By Sarah Elisabeth Sawyer, 2015 Artists in Business Leadership Fellow
A cultural exchange, an art form that transcends borders — weaving. At the Ka Ulu Lauhala O Kona gathering of basket weavers, Carol Emarthle-Douglas (Northern Arapaho/Seminole) was taught how to gather material from the hala tree, strip off the thorns and prepare the leaves.
She worked alongside Native Hawaiian weavers and a weaver from Australia. They wove bracelets, bookmarks, coasters and a fan in Hawaiian style.
This was a new style for Carol, a traditional/contemporary basket weaver who uses an old method — coiled basketry. This technique called out to her twenty years ago when she took a coiled basketry class. It’s challenging and time consuming, but it’s in her. She hopes her hands hold out a long time to perform the work, to continue sharing her culture, and other cultures.
Her basket The Gathering of Nations shows women in regalia holding their finest baskets. When the award-winning piece was on display, Carol watched weavers pick out the basket from their region. One little Navajo lady in traditional dress bent down, checked it out, and was satisfied. Cultures exchanged.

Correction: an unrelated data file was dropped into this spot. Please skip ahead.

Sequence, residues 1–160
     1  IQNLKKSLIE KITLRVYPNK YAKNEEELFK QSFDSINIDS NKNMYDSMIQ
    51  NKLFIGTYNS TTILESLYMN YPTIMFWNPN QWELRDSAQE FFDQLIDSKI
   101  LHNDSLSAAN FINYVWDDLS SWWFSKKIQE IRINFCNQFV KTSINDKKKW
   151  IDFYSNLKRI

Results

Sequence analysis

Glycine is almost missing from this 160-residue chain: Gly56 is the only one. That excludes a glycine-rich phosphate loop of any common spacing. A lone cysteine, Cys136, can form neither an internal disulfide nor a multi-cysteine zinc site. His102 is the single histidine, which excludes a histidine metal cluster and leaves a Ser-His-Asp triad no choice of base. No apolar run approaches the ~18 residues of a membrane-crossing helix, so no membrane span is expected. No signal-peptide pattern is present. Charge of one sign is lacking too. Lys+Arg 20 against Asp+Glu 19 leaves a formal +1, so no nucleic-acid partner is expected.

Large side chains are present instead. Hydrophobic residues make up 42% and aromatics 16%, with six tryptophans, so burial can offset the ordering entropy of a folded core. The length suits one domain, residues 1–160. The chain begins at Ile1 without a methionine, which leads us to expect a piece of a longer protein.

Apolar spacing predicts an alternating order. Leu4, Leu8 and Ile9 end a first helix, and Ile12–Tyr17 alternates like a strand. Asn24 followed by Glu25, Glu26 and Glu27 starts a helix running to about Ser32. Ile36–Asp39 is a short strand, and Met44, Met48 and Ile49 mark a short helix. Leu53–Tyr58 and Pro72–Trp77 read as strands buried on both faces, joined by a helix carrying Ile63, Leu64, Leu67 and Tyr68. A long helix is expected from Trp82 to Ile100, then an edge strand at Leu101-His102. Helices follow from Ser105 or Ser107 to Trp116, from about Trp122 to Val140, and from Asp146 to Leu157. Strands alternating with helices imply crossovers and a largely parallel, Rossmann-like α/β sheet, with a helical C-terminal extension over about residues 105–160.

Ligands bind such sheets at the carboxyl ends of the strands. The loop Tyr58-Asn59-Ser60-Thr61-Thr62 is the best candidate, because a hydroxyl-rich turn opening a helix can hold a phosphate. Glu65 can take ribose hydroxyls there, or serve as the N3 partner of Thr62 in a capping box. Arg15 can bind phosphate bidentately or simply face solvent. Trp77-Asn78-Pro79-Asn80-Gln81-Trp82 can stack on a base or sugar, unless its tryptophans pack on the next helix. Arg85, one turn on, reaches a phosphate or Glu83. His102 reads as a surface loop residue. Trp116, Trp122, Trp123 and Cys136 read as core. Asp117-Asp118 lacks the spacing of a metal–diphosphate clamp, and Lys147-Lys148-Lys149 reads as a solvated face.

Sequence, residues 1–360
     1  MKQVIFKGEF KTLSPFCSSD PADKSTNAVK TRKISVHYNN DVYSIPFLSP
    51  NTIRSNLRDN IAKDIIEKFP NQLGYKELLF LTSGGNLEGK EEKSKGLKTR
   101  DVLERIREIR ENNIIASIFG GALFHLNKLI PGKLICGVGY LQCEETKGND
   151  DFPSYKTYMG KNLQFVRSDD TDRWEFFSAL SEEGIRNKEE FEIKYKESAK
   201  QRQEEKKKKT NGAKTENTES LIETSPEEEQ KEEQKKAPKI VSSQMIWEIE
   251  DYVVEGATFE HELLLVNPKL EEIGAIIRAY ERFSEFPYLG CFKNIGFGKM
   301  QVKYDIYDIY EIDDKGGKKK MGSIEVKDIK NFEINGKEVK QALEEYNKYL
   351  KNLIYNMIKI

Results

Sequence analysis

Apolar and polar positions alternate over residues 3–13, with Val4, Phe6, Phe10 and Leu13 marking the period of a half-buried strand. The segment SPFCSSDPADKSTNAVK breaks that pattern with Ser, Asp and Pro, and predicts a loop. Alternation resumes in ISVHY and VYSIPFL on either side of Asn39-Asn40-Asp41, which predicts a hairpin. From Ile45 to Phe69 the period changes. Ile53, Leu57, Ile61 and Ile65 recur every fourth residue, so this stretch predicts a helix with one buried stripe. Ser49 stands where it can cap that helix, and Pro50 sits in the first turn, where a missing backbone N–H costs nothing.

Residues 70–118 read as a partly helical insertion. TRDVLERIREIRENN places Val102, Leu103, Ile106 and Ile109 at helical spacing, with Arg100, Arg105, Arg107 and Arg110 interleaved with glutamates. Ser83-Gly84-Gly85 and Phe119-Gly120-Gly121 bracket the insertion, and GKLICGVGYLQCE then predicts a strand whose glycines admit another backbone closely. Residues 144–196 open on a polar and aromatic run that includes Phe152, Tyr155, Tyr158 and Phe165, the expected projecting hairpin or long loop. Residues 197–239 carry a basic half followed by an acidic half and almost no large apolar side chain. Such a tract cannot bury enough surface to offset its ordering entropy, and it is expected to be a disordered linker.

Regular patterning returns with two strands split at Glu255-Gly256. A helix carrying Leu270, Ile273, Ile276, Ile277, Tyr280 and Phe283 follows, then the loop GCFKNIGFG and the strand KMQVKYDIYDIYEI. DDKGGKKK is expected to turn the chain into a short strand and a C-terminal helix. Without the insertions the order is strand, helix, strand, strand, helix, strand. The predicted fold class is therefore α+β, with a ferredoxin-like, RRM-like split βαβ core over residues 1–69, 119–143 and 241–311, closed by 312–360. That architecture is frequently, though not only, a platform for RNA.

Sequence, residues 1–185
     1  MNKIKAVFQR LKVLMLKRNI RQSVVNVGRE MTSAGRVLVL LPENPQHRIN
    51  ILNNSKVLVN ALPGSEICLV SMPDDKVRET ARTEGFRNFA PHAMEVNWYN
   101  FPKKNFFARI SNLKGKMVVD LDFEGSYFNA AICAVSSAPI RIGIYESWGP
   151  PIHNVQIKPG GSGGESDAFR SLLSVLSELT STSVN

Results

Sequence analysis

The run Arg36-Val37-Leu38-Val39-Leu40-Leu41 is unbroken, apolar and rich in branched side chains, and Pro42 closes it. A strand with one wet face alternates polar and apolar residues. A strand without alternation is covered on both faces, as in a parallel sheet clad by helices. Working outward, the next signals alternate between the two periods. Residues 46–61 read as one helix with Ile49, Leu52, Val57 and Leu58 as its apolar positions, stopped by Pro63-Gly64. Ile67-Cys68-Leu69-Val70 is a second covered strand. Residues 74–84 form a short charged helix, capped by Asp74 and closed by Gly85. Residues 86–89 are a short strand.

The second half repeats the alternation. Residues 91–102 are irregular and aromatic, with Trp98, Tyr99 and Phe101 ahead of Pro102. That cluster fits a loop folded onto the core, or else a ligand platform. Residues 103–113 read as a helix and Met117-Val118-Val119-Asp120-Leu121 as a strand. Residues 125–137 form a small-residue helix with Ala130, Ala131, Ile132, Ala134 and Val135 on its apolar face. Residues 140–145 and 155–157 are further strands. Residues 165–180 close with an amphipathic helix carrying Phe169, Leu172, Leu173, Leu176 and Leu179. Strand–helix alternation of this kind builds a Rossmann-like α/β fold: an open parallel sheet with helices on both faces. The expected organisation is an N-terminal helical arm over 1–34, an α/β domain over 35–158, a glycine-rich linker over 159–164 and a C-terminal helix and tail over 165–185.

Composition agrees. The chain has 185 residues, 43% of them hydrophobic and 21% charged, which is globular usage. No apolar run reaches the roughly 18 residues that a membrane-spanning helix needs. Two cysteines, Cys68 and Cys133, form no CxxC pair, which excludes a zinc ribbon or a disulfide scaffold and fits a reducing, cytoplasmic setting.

On Carol’s Best of Show basket at the Santa Fe Indian Market, Cultural Burdens, each of the 11 women represented their tribe by carrying a traditional basket hanging both inside and outside the main basket.
Carol spent the summer in Santa Fe for the 2016 School for Advanced Research Ronald and Susan Dubin Fellowship. It was a time of research, learning from other artists, and using a new technique in her work: beading directly on a coiled basket.
Always, though, she brings it home. Carol shares her fine art by teaching students in the Indian Education Program, Native homeless in the Seattle area, and elders through the Northwest Indian College. They in turn share weaving with their communities.
A beautiful exchange.